Friday, 30 November 2007
However I nearly always then end up thinking (worrying) about the signs that we consciously and unconsciously project as we take the entire education (not just teaching) force on a rapid journey towards 21st century learning - from 0 to 140 in two years (or less) - the only speed limit we have is our own capacity (as drivers of the project) for change! Nearly every aspect of their world will change and although the journey has already started, the challenge is to ensure that we take everyone on the same road - at the same time where ever possible.
We are learning as we go, we are looking at good international examples, but our journey is unique and we must project the most helpful and constructive signs in everything we do to support all those that work in our education system - all the time. The use of consistent vocabulary (with definitions) is vital and everyone has to have and believe the same road map.
Looking at road signs and thinking about education (again) - interesting!! (Perhaps I should get out more!)
Thursday, 29 November 2007
Whilst we take all best advice, especially from Stephen Heppell and Prakash Nair, we are learning as we go, trying to make the best possible decisions, holding on to the vision and being brave. There is a reality issue though, as we build new learning environments without traditional classrooms (cells and bells), in ensuring that we take all those who will work and learn (which should be everyone!) in these new environments on the same developmental journey. Getting them as ready as possible for a totally new way of working is even more important than getting the buildings absolutely perfect. That is our challenge now - we have eightenen months! The planning continues tomorrow for hours - it really IS a good job we get on well.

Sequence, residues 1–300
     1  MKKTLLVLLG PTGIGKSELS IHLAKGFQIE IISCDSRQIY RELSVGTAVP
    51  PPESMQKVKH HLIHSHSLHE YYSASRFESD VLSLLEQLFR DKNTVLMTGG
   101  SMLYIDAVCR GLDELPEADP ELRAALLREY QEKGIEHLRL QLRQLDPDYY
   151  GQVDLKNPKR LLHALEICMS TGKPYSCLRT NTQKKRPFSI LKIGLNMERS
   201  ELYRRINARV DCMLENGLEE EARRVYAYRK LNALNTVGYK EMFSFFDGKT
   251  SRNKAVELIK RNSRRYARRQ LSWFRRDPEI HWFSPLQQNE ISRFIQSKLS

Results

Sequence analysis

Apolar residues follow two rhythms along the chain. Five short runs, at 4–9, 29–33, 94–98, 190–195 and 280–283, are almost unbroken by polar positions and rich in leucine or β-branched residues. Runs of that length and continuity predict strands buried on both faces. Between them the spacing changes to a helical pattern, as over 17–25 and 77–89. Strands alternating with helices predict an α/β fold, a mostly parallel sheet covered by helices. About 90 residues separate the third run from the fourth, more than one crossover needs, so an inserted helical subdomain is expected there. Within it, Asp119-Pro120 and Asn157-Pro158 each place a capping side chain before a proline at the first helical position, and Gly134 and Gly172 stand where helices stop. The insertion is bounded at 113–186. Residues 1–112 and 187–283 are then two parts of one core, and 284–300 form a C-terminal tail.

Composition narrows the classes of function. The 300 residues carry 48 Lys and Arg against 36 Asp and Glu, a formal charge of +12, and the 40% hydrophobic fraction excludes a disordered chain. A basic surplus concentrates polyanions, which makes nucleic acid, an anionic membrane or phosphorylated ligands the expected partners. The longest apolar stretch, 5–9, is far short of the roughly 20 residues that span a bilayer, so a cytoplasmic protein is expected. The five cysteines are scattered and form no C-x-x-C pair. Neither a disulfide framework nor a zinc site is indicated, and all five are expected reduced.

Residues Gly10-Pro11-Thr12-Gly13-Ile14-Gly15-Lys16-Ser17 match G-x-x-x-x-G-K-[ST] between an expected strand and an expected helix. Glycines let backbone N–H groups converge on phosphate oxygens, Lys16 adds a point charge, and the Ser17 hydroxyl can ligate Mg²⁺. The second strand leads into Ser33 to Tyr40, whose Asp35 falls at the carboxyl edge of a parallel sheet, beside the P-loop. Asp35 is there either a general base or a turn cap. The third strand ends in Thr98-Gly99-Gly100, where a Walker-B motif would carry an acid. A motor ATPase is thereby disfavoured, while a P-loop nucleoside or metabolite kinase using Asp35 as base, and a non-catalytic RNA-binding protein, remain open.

Tuesday, 27 November 2007
Most students I have worked with over many years love to see staff working on their own ideas and genuinely are interested - the questions and dialogue that emerge can be both inspirational and huge learning opportunities in their own right. There seems to be a reticence about doing that generally as we continue to "compartmentalise" our work in schools. It doesn't matter that at least one of the teachers is an english teacher rather than art - think of the creativity that could emerge of this combined discipline in some lessons, especially when looking at imaginative writing and thinking. There is no one right way to respond in this type of work.
These particular teachers may argue that painting is how they relax and that they don't want to mix work with pleasure, an argument I totally accept and I haven't asked them. However it did raise the question about how we encourage staff to develop their own creativity and use that ability to help inspire students formally and informally.
Saturday, 24 November 2007
This expectation that the environment is neat and tidy is clearly one that we should try and ensure all our young people value and want to incorporate into our learning environments. This really is an important message for all - easy to say but how easy is it to achieve in some school environments? Society, culture, public expectations, ownership - all are key factors that we HAVE to aspire to. It can be the only way forward. Students have to have ownership of their learning environments.